Everywhere we go this is a favourite topic of conversation! Heading back on the rocky trail past adobe mud houses and hundreds of palm trees we finally made it back to the start and promptly treated ourselves to a dip in the pool. If you ever try this hike, make sure you take plenty of water and a sun hat!
Written By Heather & Pete of Conversant Traveller
16. Mount Toubkal & the Atlas Mountains, Morocco
Take at least a week to savor your surrounding in the Atlas Mountains of Morocco, a far cry from the madness of Marrakech.
Specifically, Mount Toubkal is a spectacular climb to the top – at 13,000 feet. You can snake your way through neighbouring villages to reach modest accommodations, before doing the bulk of the climb in about a day from Mount Toubkal base camp.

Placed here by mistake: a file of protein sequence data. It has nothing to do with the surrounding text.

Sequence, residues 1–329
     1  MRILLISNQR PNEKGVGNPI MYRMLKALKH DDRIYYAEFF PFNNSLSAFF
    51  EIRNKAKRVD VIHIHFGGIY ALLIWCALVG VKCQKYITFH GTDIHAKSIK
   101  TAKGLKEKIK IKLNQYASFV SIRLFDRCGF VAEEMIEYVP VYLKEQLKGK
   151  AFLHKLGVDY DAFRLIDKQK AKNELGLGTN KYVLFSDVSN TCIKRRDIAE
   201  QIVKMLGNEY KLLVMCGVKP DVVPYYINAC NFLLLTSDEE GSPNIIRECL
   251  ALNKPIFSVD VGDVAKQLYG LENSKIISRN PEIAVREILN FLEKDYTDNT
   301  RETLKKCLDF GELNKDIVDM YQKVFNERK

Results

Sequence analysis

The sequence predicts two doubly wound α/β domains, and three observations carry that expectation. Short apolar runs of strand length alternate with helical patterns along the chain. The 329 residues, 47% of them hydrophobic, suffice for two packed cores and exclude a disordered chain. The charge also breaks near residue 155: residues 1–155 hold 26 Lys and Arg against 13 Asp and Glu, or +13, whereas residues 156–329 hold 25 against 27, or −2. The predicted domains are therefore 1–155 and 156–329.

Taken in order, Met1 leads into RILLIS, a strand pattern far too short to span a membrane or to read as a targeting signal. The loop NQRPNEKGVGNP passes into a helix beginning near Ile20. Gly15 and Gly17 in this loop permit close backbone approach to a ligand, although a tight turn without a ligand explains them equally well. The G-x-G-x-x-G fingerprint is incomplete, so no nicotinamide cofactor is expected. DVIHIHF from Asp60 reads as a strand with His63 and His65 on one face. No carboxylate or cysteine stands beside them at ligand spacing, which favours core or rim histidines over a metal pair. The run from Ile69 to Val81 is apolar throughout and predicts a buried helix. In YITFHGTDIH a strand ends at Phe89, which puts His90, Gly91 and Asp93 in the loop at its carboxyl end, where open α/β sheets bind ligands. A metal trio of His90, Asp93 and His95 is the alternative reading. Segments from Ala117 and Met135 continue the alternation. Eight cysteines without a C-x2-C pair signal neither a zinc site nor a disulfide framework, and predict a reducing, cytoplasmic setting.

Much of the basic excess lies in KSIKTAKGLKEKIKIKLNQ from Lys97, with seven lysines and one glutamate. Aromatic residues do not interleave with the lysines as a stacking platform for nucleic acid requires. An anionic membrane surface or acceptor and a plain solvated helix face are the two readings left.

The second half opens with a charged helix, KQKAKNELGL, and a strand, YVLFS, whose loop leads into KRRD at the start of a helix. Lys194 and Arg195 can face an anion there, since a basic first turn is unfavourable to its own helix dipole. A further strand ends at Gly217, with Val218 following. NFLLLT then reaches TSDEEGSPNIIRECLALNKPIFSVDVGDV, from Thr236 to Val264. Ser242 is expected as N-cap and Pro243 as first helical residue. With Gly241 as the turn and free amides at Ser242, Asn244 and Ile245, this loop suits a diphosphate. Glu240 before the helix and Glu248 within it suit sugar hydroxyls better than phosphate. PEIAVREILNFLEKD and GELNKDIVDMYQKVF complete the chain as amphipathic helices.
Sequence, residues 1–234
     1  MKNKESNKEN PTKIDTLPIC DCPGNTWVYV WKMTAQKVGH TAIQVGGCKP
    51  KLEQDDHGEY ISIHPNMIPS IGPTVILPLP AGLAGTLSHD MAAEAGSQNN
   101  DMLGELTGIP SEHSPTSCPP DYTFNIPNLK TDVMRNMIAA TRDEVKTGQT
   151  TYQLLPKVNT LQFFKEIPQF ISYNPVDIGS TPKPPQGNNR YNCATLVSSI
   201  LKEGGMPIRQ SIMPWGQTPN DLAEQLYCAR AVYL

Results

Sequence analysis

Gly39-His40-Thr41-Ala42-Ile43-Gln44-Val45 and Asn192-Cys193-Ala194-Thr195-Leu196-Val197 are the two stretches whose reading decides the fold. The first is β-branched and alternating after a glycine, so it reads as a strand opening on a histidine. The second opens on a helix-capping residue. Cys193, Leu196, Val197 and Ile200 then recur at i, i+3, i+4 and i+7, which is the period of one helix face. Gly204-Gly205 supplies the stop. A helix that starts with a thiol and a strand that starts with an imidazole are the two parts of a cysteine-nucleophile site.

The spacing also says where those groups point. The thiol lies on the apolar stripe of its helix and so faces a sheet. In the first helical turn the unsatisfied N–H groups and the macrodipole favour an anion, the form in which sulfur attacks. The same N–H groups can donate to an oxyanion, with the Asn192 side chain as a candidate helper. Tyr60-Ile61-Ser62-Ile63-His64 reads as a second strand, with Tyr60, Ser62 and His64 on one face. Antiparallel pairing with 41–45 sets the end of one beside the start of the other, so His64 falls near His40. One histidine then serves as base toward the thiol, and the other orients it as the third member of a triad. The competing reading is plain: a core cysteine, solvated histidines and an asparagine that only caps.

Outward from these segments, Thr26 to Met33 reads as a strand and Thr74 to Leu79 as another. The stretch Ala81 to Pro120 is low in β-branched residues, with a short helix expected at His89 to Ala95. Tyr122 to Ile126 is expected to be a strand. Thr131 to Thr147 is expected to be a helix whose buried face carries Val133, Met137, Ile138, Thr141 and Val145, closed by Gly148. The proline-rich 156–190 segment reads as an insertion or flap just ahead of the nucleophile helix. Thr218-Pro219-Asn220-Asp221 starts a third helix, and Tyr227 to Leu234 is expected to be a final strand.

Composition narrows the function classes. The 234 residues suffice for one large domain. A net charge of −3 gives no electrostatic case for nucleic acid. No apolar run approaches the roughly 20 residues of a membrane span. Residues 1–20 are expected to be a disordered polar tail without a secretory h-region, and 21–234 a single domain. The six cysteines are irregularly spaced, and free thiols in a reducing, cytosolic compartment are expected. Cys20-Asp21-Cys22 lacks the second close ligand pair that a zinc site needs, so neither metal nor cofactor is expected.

It’s strenuous but doable by most climbers who had some experience, as long as the weather cooperates. You’ll want a guide or tour to complete this trek, which often starts from the city of Marrakech.
If you want something a little tamer, you can make a goal of simply reaching the Kasbah du Toubkal. It’s reachable by jeep, then a small trek to the property. They also have a few day and overnight hikes that start from the kasbah and are easier than a full trek. You can indulge in their hammam treatment rooms, amazing tagine cuisine, and mountainside yoga classes to celebrate the climb.
Written By Eileen from Pure Wander
Do you have any other great African hikes to add to the list? let me know in the comments below!